October 8, 2013 > Shrinking Glaciers Dramatize Global Warming
Shrinking Glaciers Dramatize Global Warming
Submitted By Sharat G. Lin
Glaciers, monumental rivers of ice that seem as immutable as Half Dome or the Rock of Gibraltar, are actually in constant motion. Ice, nearly everywhere on the planet, some of it tens of thousands of years old, is melting at an alarming rate. And the rate of melting, often imperceptible at the base of glaciers, is accelerating as climate change becomes more consistent and cold years become fewer.
For example, when Glacier National Park in Montana was established in 1910, it had some 150 glaciers. Today, only a century later, more than 120 have disappeared altogether. Of the fewer than 30 glaciers remaining, most have shrunk in area by over two-thirds. According to the U.S. Geological Survey scientists, if the current trend continues, the remaining glaciers may all vanish by 2050.
Area residents will have an opportunity to see for themselves these giant glaciers shrinking and collapsing before their very eyes. The documentary film Chasing Ice follows acclaimed National Geographic photographer James Balog as he travels across the Arctic to deploy remarkable time-lapse cameras to capture a multi-year record of the worldÕs changing glaciers. Along the way, the expedition is challenged by extreme weather conditions and plagued by technical malfunctions.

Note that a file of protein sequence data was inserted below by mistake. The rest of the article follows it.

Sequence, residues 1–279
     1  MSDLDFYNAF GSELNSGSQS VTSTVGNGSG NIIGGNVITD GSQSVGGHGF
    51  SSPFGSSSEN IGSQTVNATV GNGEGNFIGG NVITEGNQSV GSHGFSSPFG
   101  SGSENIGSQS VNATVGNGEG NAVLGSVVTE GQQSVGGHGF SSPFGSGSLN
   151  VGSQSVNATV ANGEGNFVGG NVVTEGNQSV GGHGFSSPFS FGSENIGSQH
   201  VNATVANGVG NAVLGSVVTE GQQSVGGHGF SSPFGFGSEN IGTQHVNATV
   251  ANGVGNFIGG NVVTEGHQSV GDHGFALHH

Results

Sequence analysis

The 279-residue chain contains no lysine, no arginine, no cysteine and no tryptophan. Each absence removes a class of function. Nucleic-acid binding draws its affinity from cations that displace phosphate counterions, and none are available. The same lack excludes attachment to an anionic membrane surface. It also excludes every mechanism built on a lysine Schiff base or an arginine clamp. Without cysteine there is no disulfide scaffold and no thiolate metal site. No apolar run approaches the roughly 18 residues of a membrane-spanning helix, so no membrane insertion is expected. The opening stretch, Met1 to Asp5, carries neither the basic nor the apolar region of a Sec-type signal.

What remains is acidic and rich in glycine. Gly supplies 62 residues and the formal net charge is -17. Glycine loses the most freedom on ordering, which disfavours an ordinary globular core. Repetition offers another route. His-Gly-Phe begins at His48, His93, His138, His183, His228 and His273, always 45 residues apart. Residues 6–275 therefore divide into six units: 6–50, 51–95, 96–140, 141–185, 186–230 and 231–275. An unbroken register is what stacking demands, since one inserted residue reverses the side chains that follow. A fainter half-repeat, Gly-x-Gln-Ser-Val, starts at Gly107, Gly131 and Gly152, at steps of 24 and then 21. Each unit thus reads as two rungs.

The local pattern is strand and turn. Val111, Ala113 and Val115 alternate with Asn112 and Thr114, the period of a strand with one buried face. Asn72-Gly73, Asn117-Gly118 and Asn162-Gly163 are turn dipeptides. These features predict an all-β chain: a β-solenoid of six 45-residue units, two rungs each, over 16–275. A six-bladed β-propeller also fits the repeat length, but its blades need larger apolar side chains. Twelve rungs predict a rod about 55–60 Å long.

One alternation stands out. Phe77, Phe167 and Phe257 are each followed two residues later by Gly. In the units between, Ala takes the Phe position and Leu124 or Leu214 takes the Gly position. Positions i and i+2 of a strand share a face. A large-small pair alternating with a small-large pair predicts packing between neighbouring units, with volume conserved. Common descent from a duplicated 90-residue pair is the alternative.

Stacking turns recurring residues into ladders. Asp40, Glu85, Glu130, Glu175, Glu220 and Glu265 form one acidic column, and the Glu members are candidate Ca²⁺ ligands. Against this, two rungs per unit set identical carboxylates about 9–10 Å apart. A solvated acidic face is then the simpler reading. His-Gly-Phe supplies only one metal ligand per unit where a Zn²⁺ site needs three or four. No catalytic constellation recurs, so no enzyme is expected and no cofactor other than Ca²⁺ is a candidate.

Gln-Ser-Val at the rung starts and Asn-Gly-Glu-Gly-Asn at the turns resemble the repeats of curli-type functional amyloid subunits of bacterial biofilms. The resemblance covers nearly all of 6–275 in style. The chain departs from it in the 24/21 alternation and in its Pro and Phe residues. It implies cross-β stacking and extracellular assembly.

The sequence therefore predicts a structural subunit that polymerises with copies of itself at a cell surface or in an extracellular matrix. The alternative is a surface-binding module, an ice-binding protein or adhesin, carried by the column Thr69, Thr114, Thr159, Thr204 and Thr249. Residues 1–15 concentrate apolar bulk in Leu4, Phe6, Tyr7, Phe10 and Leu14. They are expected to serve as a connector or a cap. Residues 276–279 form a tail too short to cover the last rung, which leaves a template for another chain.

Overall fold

Once a skeptic about climate change, Balog becomes convinced after his first trip to Iceland that global warming is real and caused by human activity.
BalogÕs hauntingly beautiful videos compress years into minutes and capture ancient mountains of ice in motion as they disappear at a breathtaking rate.
Discussion following the film will be led by Jeff Spencer, a climate activist and senior pastor at Niles Discovery Church. Audience participation is always welcomed. Admission is free, although donations are welcomed.
Screening of Chasing Ice is part of the Second Saturday Documentary Series, and is sponsored by Tri-City Perspectives, Niles Discovery Church, and the San Jose Peace and Justice Center.
Saturday, October 12
Niles Discovery Church Auditorium
255 H Street (enter on 3rd Street)
The Emmons Glacier on Mt. Rainier in Washington state, the largest glacier by surface area in the continental United States, as seen in 2004 is smaller today as new snowfall fails to keep up with annual melting. Photo by Sharat G. Lin